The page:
We study the physical origins of parallel guiding center drift and parallel velocity-dependent effective magnetic field (B*) appearing in the Hamiltonian formulation of a particle motion in a curved magnetic field. The magnetic twist term is shown to be responsible for both of them. The parallel guiding center drift originates from the change in the effective parallel velocity due to the combined effect of the initial perpendicular motion (v⊥0) and the magnetic twist. The effective magnetic field arises from the collated effect of the change in v⊥0 due to its initial parallel guiding center motion and the conservation of magnetic moment. This understanding clearly shows that the appearance of B* is a consequence of magnetic moment conservation in curved magnetic fields.

For the Hamiltonian description of a guiding center motion of a charged particle in strongly magnetized fusion plasmas, such as in tokamaks, one must properly consider the impact of an inhomogeneous confining magnetic field. In the presence of such a prescribed inhomogeneous magnetic field, a guiding center exhibits parallel free streaming and perpendicular drift motion. The physics origin of perpendicular guiding center drift is well-known: due to the change in the Larmor radius during gyration by the spatial variation of the background magnetic field. A rather peculiar drift motion in a curved magnetic field is parallel drift (ud), which can arise even without ∇B and/or a field line curvature. In the Hamiltonian formulation of the guiding center motion in the curved magnetic field, ud appears as the first order in the expansion parameter ϵ = ρi/LB, where ρi and LB1=B/B are the ion thermal Larmor radius and the typical length scale of the magnetic field variation, respectively.1 For instance, it appears after gyro-averaging of dρ/dt in a drift kinetic description of a plasma.2 The first derivation of an expression for ud was made by Sivukhin, who obtained it from projection of the local particle velocity to the direction of the magnetic field at the gyrocenter position.3 Then, some authors re-derived ud using various approaches, leading sometimes to different expressions.1–6 While it is mathematically straightforward to derive ud, the physics picture leading to ud has been elusive or unavailable in the existing literature.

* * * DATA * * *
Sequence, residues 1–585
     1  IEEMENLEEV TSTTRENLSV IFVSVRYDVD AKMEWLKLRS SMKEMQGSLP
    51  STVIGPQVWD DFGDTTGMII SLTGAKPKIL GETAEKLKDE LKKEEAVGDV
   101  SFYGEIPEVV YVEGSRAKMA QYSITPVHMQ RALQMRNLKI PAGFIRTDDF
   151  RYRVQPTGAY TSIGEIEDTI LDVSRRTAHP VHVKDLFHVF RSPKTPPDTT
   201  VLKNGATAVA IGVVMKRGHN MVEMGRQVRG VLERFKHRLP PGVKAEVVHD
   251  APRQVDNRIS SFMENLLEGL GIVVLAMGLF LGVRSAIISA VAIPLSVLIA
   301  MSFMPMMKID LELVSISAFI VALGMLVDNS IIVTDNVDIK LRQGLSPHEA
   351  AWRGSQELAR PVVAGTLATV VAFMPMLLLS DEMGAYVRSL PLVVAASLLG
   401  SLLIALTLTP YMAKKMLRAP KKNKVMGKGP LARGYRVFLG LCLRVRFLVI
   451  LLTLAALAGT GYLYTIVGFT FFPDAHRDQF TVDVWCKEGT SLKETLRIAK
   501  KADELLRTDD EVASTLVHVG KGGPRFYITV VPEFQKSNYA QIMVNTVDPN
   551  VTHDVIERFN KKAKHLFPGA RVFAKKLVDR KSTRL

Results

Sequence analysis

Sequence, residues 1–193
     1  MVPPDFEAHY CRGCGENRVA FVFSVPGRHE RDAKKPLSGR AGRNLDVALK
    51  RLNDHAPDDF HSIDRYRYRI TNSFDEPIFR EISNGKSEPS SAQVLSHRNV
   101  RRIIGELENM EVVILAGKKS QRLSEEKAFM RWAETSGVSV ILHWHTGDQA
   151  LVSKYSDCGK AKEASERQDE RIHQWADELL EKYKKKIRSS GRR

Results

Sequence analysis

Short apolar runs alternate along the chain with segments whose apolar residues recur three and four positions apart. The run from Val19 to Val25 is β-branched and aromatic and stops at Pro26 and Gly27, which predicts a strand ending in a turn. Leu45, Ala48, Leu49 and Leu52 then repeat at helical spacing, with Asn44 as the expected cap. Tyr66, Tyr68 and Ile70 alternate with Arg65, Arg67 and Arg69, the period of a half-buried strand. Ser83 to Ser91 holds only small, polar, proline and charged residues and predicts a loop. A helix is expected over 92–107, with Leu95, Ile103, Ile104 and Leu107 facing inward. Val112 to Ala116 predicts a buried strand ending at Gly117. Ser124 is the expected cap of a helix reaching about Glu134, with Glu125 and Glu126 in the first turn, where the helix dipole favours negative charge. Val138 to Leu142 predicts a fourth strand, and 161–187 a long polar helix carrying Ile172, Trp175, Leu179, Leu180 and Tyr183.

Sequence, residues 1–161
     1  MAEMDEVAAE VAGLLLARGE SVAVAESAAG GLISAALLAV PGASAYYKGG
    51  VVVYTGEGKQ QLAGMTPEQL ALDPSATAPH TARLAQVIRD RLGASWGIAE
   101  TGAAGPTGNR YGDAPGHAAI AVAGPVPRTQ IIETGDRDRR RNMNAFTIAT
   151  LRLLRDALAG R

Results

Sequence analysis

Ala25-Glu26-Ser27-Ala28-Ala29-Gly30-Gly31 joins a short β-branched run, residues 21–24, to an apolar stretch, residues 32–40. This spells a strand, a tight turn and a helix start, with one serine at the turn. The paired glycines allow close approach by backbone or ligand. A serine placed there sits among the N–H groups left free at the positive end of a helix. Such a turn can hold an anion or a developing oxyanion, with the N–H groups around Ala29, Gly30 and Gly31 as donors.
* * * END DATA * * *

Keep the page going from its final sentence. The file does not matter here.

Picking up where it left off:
In addition to parallel drift motion, the effective parallel magnetic field, B*, appears in the description of parallel dynamics. For instance, the equation of motion parallel to an instantaneous magnetic field is given by1 
dudt=emB*B*E*,
(1)